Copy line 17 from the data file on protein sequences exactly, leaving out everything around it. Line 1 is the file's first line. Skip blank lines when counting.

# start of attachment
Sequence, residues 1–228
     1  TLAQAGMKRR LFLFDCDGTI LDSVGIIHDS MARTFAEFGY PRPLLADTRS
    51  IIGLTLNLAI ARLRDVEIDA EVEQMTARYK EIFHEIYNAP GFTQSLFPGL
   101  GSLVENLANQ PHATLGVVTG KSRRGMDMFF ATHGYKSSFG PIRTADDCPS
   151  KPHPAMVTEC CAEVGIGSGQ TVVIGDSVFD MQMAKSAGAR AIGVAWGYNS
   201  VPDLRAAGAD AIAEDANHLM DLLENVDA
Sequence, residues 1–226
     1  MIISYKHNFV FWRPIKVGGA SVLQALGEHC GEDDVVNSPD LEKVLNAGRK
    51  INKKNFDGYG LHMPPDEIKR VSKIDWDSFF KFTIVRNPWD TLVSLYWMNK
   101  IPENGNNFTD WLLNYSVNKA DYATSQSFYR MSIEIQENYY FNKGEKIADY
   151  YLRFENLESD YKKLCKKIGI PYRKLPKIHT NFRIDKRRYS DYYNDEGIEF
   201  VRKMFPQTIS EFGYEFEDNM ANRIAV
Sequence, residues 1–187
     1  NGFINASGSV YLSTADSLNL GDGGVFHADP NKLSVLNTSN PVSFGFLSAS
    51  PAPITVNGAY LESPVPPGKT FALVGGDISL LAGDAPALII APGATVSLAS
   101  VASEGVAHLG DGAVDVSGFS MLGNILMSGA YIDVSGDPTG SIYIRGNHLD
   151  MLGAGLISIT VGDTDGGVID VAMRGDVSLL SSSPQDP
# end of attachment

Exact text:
   151  MLGAGLISIT VGDTDGGVID VAMRGDVSLL SSSPQDP